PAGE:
The internet has changed the way we watch TV. Netflix has given us the gift of television without the burden of advertisements. Hundreds of programs are available day and night to keep us binging until the end of time. It’s also given us a way to watch series we may never have ordinarily found. Many shows behind network paywalls or created in other countries show up every day just looking for their cult audience.
Here are 10 Underrated Shows Streaming On Netflix that will have you riveted to your screen until the final minute of the final episode.
The Red Road (2014 – )
To a certain kind of viewer, SundanceTV’s Red Road is the best show on television. If you like your obsessions to possess the lived-in, culturally specific detail of The Sopranos, The Wire’s nuts and bolts look at criminal life and more of Game of Thrones’ Jason Momoa than you know what to do with, then it’s time to hop aboard the Red Road bandwagon.
Momoa, doing the best work of his career, plays a small time drug dealer on a Native American reservation, who enters into a Faustian bargain with a local cop (Martin Henderson) after witnessing a crime. Spearheading a movement towards realistic crime shows (Rectify and Bloodline are other stellar examples), Red Road is a brilliant piece of work, a portrait of a believable community that balances incredible tension with a realistic depiction of this community and the people in it.
There’s nothing quite as engrossing or powerful on Netflix or American television at the moment.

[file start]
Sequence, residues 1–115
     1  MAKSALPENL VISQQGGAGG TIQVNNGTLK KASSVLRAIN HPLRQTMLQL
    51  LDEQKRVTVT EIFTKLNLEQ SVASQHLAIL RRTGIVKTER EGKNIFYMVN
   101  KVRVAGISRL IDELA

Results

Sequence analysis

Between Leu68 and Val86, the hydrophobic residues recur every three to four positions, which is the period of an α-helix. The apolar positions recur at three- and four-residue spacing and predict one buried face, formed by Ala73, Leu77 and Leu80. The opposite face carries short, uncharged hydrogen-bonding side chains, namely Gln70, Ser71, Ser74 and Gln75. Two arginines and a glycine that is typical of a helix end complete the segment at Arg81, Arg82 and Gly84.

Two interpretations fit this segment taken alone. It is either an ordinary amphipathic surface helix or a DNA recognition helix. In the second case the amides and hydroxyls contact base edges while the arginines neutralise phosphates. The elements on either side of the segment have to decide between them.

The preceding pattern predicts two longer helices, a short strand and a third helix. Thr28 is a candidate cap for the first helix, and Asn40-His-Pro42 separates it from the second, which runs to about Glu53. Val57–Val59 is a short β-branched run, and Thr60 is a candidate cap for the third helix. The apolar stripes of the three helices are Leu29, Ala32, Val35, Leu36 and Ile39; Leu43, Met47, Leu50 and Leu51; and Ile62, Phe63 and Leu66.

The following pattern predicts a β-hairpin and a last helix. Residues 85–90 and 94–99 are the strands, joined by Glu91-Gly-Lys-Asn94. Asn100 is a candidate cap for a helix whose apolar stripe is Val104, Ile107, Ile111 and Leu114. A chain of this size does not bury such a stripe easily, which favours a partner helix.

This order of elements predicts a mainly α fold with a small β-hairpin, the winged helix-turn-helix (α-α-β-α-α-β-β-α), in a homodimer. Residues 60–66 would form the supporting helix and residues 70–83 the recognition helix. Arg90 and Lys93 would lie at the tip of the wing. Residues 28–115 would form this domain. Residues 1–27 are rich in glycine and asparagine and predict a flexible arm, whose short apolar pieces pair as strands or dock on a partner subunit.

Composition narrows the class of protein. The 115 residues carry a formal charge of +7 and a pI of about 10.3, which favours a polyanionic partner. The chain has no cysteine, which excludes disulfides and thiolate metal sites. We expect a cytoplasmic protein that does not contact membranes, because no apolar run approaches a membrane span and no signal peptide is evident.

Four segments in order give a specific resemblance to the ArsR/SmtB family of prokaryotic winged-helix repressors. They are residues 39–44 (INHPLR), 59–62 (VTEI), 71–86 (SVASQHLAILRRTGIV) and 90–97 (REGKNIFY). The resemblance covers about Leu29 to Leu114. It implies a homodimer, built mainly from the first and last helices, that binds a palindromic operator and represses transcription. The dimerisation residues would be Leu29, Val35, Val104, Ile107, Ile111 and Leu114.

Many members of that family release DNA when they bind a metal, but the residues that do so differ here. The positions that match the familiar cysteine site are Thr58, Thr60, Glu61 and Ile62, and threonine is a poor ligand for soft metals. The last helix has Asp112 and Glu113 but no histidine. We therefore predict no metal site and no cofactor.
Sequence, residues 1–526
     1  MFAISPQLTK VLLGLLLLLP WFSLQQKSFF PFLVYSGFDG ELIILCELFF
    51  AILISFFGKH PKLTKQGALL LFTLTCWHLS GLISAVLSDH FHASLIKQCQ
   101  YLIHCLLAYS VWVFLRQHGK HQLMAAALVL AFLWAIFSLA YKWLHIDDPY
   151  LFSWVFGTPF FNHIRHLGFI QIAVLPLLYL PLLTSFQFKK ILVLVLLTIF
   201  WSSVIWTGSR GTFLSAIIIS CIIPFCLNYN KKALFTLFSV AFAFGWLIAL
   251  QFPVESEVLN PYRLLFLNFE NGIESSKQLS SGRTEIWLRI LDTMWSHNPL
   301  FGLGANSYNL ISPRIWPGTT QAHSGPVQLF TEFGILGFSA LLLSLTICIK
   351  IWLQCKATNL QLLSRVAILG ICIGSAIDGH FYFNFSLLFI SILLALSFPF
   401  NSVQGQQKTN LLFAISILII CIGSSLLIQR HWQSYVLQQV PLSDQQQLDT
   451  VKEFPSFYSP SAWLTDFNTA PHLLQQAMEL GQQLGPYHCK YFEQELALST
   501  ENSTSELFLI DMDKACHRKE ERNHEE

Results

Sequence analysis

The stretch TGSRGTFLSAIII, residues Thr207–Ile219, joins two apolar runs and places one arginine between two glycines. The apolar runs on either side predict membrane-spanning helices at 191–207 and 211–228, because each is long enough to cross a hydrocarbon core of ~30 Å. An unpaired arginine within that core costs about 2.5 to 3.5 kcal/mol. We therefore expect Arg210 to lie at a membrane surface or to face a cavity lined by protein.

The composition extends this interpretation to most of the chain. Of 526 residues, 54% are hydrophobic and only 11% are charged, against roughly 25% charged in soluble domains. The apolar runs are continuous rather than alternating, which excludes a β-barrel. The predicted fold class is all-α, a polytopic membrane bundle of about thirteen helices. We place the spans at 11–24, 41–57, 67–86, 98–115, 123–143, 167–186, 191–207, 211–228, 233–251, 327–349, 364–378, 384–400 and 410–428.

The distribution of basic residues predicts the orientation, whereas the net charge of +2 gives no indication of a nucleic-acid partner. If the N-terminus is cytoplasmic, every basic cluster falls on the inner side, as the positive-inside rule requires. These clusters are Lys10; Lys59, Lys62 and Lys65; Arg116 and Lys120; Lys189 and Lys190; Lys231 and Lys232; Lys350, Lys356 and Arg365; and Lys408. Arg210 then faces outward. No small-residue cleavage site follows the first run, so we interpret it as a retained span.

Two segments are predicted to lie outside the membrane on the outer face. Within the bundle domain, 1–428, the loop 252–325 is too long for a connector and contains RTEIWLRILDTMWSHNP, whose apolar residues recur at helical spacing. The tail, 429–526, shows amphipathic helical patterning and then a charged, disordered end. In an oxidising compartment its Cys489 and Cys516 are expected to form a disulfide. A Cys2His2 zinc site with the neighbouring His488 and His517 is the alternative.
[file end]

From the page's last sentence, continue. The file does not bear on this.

Ripper Street (2012 – )
The lead actors of BBC’s Ripper Street Matthew MacFadyen and Jerome Flynn were coaxed from their work in historical romances and HBO’s Game of Thrones to star in Ripper Street, but they don’t far from the tone of either.
The style suggests a serialization of the Robert Downey, Jr. Sherlock Holmes movies, with hyperactive editing that renders the detecting prowess of its sleuthing heroes. Fans of the BBC’s usual stock in trade, highbrow soap operas like Downton Abbey, are also catered to by the show’s focus on its detective’s personal lives.
All this is to say that Ripper Street is riveting from the get-go, a sharply paced weekly mystery with top-notch performances, delectably intricate writing, and incredibly satisfying delivery of all its disparate elements.
Hit & Miss (2012)
Chloë Sevigny has made a career out of fearlessly treading where few actresses would ever dare. She proved that beyond a shadow of a doubt when she signed on for Sky Atlantic’s Hit & Miss, created by Shameless’s Paul Abbott.
Sevigny stars as a pre-op transgender assassin who is put in charge of three orphaned children. Given that premise, you won’t be shocked to hear that Abbott condensed a few different show ideas into one, but the plot overkill actually works in the show’s favor.
For one excellent season Hit & Miss was the most fascinating thing on TV, making the most of a host of great performances and a beautiful, moody Yorkshire setting.
Salem (2014 – )
Sure, the idea that there were actually witches in Salem is baldly ahistorical and more than a little tasteless, but aren’t those virtues you want from your late night binge-watching?
Feeling very much like the product of a meeting where the bosses at WGN asked for their own American Horror Story, Salem is even more ribald and fun than its better-known precedent. Mary Sibley (Janet Montgomery) is the most important woman and the most powerful witch in 17th Century Salem, Massachusetts. When witchhunters come to town, she must outmaneuver them while appearing to be an innocent, upstanding citizen.
Brazenly grotesque gore and deliciously crazy performances set Salem apart from even the craziest horror TV. By the time the flawless Lucy Lawless shows up in Season 2, it’s too late to stop watching. You’ll be unable to look away, and after you settle into this insane version of Salem, you won’t want to.
The Birthday Boys (2013 – 2014)
Good sketch comedy with a concrete identity doesn’t fall out of the sky every day. So when IFC cancelled its finest exemple of the form, fans of Mr. Show, Kids In The Hall, and The State poured one out for The Birthday Boys.